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Some two millennia ago, a ragtag bunch of nobodies learned what their tortured and executed friend, the rabbi Jesus from Nazareth, meant by “rising from the dead” (Mark 9:9-10) — because they met him again, the same but utterly transformed, as the Risen Lord. The Easter Effect upturned all they had once thought about time, history, and God’s promises to Israel; it also transformed these nobodies into extraordinary evangelists, for the missionary project they launched converted perhaps as much as half the Mediterranean world over the next two and a half centuries.
That Easter Effect is worth keeping in mind in this season of Catholic discontent. Even amidst anger and embarrassment, Christians can do the work of evangelization because the first Easter told us that, for the truly converted disciple who has met the risen Lord, despair never gets the final word: God will vindicate his plan for the salvation of the world. And if we momentarily filter out media bias, political posturing, and social media vitriol, Catholics can see the Easter Effect at work in the Church in 2019.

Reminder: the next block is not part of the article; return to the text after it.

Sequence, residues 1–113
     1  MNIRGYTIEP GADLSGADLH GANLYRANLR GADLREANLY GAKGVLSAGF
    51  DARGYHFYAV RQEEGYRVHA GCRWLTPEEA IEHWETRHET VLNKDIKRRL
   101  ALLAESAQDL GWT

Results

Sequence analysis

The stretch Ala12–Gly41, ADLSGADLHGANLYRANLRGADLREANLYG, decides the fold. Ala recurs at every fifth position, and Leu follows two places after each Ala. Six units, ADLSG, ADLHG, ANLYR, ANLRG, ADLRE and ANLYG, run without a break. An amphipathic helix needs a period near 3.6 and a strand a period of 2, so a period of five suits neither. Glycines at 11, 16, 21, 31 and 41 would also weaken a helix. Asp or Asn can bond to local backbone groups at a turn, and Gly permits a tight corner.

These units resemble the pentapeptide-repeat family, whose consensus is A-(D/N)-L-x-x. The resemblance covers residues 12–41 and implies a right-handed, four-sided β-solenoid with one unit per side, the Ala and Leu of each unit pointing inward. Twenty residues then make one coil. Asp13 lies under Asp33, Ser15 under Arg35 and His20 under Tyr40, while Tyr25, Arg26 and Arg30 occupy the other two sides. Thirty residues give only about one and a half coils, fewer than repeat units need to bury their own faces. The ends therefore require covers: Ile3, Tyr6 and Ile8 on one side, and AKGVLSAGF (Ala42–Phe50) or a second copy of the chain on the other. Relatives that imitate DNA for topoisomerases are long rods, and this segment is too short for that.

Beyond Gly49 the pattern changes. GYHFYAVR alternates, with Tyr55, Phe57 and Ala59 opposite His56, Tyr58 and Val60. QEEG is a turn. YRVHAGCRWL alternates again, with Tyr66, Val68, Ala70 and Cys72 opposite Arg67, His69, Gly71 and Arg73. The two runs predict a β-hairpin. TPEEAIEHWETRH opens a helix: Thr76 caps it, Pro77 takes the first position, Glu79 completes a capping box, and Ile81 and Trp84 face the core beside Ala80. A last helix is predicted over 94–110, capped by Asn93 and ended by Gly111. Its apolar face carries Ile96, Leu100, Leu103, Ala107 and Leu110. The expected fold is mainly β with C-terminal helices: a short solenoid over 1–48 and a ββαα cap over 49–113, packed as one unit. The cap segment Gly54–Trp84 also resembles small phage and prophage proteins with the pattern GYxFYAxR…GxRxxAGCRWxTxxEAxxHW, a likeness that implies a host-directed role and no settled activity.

Sign - Catholic - Vitality - Easter - Vigil
The best sign of Catholic vitality will be found at the Easter Vigil on April 20 when tens of thousands of adults, fully aware of the current crisis, will be baptized or will enter into full communion with the Catholic Church. Their primary act of faith is in the Risen Lord. By accepting baptism or reception into the Catholic Church today, however, these men and women are also making an act of faith in the Church and its capacity for reform. Let the desperate among us take heart and courage from that.
There are also great conversion stories being written today. If you’re feeling glum about the Catholic future, try Sohrab Ahmari’s memoir, From Fire By Water: My Journey to the Catholic Faith...
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